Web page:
Digital-shooting film detractors frequently, and rightly, point out that a significant disadvantage to analog photography is that you don’t know whether you have the shot until the film returns from the lab. (Out of politeness I usually don’t mention the digital shooter’s capture—I hate that term—download, archive, and backup chores as a countervailing argument.) In my case, the lab is ME, and this weekend I got a taste of what the future might hold as analog processes and gear begin to disappear or break down.
I put three rolls of color negative film into my heretofore trusty Jobo ATL-1500 and fired her up, walking away to do other things. I returned just as the machine’s end-of-cycle whistle would have summoned me. I removed the processing drum, popped the top, squeezed in a few drops of wetting agent, and filled the drum with filtered water for the final rinse step. A minute later I lifted the light-trap stem that axles the loaded reels to find…nothing. That is, nothing usable. Three rolls, ten 6×7 exposures each; maybe half a discernible frame on each roll, in about the same position on each. You know that slightly sick feeling you get when you hurry somewhere and reach for your wallet, only to recall that it is still lying on your dresser at home? That’s how I felt, only a bit worse, since at least the wallet will be there when you get home.
Now, as catastrophes go, trashing three rolls of images is not exactly the Apocalypse, I know. One roll was shot at various easily-accessible locations around here, and could be redone if desired. The second was of shots taken in my neighborhood, which could be replicated at least in their unique light quality—late day “golden hour” glow—if not in their timeliness—the day after the last day of pool season. The third roll, however, is problematic. I shot it in late-day autumn’s-coming direct sunlight while traveling recently in Indiana under unique (I hope) circumstances. Though I may get back to Indiana again soon, it’s unlikely I’ll do so with the good weather and light I enjoyed in those images.
What went wrong? Maybe bad chemistry? I’d just mixed up a fresh batch of C-41 developer; the bleach and fixer batches had been used previously with perfect results, and both have long shelf lives. I did have bits of visible, normal-looking negatives in a few frames, so the chemistry did its job properly in those places. What about the Jobo itself? I tried to run a cleaning cycle. Bingo—the motor that rotates the drum to and fro to agitate the solutions was moving slowly and actually stopping during its cycle. This explained why there were only fragments of properly processed images: where the solution sat on the film, something appeared, but elsewhere, nothing. So either the circuit board that controls the rotation motor, or—more likely—the motor itself or its drive train, has gone belly up.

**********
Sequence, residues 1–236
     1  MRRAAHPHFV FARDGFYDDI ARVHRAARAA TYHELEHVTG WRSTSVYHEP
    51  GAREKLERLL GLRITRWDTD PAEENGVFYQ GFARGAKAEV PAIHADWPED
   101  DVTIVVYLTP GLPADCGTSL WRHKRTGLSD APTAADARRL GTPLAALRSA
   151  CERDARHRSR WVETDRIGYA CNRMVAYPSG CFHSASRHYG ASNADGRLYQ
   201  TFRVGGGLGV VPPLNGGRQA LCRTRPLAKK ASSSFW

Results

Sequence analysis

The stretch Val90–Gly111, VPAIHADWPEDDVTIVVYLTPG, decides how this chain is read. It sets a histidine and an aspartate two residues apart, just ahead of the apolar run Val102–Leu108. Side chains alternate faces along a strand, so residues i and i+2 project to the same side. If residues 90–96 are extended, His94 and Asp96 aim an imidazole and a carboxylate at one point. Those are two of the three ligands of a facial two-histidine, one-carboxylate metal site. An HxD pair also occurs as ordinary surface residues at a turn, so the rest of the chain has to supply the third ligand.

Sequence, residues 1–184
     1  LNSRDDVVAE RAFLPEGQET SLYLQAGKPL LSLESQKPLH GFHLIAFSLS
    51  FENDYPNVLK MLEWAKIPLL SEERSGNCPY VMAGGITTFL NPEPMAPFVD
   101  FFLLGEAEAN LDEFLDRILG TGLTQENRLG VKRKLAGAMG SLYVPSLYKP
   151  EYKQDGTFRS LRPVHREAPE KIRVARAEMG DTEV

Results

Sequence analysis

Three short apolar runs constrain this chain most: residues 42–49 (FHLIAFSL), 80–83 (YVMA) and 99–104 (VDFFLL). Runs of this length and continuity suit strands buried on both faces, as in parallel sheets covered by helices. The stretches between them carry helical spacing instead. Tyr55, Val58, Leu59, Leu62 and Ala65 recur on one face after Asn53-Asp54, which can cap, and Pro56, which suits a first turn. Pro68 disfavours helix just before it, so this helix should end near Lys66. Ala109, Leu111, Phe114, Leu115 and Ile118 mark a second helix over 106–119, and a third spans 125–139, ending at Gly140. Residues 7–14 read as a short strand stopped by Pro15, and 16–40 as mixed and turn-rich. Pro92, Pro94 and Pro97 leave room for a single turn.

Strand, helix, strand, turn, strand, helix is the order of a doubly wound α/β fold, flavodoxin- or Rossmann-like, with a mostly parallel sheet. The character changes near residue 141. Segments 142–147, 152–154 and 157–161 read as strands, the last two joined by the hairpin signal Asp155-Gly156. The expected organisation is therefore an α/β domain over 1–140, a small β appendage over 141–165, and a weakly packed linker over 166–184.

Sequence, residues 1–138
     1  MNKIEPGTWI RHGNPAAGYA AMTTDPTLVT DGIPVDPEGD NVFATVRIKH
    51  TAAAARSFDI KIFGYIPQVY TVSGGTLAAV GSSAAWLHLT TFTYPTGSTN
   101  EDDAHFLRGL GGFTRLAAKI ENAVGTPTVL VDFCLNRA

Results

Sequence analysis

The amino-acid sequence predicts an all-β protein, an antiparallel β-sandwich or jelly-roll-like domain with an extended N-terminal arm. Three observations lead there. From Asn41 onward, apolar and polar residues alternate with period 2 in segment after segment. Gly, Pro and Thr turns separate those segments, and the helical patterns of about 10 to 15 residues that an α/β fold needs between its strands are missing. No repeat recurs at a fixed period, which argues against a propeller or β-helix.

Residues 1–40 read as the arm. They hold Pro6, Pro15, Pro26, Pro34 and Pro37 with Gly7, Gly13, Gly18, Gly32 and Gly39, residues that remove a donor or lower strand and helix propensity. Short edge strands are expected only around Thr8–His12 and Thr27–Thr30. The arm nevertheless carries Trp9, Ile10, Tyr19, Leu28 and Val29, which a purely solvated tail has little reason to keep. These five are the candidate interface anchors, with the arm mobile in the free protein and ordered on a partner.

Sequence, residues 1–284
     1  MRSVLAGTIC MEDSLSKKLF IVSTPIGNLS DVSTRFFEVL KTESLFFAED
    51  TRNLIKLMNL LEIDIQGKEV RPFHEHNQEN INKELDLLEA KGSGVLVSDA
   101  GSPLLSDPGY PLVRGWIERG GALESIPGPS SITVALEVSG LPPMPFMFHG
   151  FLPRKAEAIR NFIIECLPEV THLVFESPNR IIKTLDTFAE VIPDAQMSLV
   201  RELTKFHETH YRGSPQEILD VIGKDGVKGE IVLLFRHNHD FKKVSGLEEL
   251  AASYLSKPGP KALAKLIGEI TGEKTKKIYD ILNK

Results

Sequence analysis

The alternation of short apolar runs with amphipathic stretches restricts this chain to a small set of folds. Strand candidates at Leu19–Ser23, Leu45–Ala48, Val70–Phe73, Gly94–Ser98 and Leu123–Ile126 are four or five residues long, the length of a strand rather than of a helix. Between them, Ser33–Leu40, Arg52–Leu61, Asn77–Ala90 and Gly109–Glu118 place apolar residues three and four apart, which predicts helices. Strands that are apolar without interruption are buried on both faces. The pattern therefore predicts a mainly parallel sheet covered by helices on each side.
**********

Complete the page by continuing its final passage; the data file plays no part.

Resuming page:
Jobo no longer makes processors, though their USA distributor in Maryland supposedly services them. Too, I’m told, there’s a former Jobo factory technician in L.A. who works on these machines. I’ve sent emails to everyone to feel out my repair options. This time, as long as the parts are available, I should be able to get back up and running again, though at a cost and within a time frame TBD. But what about the future day when something breaks for which there are no replacement parts available, nor technicians to install them? I can always go back to doing B&W film by hand as I did for years; laborious and tedious, but eminently doable. But I’ve really grown to love the set-and-forget convenience, ease, and consistency of the Jobo. For color processing, it’s an essential tool.
Why not just send out my color negative film to be processed? Good question. It comes down to availability, cost, and convenience, again. Last time I checked, processing a 120 roll of C-41 costs at least $7.50 at any of the out-of-town mail-in labs I know about. And at the only local lab still doing C-41 in 120, it’s more like $10. This compares unfavorably to the roughly $2-3 I estimate I spend on chemistry per roll doing it myself in the Jobo; the machine itself has long been amortized. I’m on track, current speed bump aside, to shoot 200 rolls of film this year, of which at least 80-90% is C-41. So we’re talking significant economy with DIY. Plus, I like the immediate feedback and gratification I get from shooting during the day and having finished film to scan that evening.
Assuming my Jobo repair possibilities materialize as expected, and cost-effective repairs are possible, I’m golden. If not, the real fun begins. I’ll need to either locate a replacement Jobo I can afford—no easy task—or look at alternatives. The Phototherm Super SideKick line of processors is worth a look; these are well-thought-of machines that are still being made (though the company’s website suddenly went down over the weekend, raising concern) and thus still being supported. The Phototherm company itself makes other non-photographic products, which diversification might mean more longevity for the company than for an analog-photo-only cncern in this digital age. Downsides: the machines, at least purchased new, are quite expensive; and used ones aren’t that frequently found.
So if anyone has a line on a Jobo ATL-1000/1500, or on a Super Sidekick SSK-8R, please let me know. I’m going to have a backlog of film to process before much longer, and I may need a Plan B or Plan C before I’m back up and running.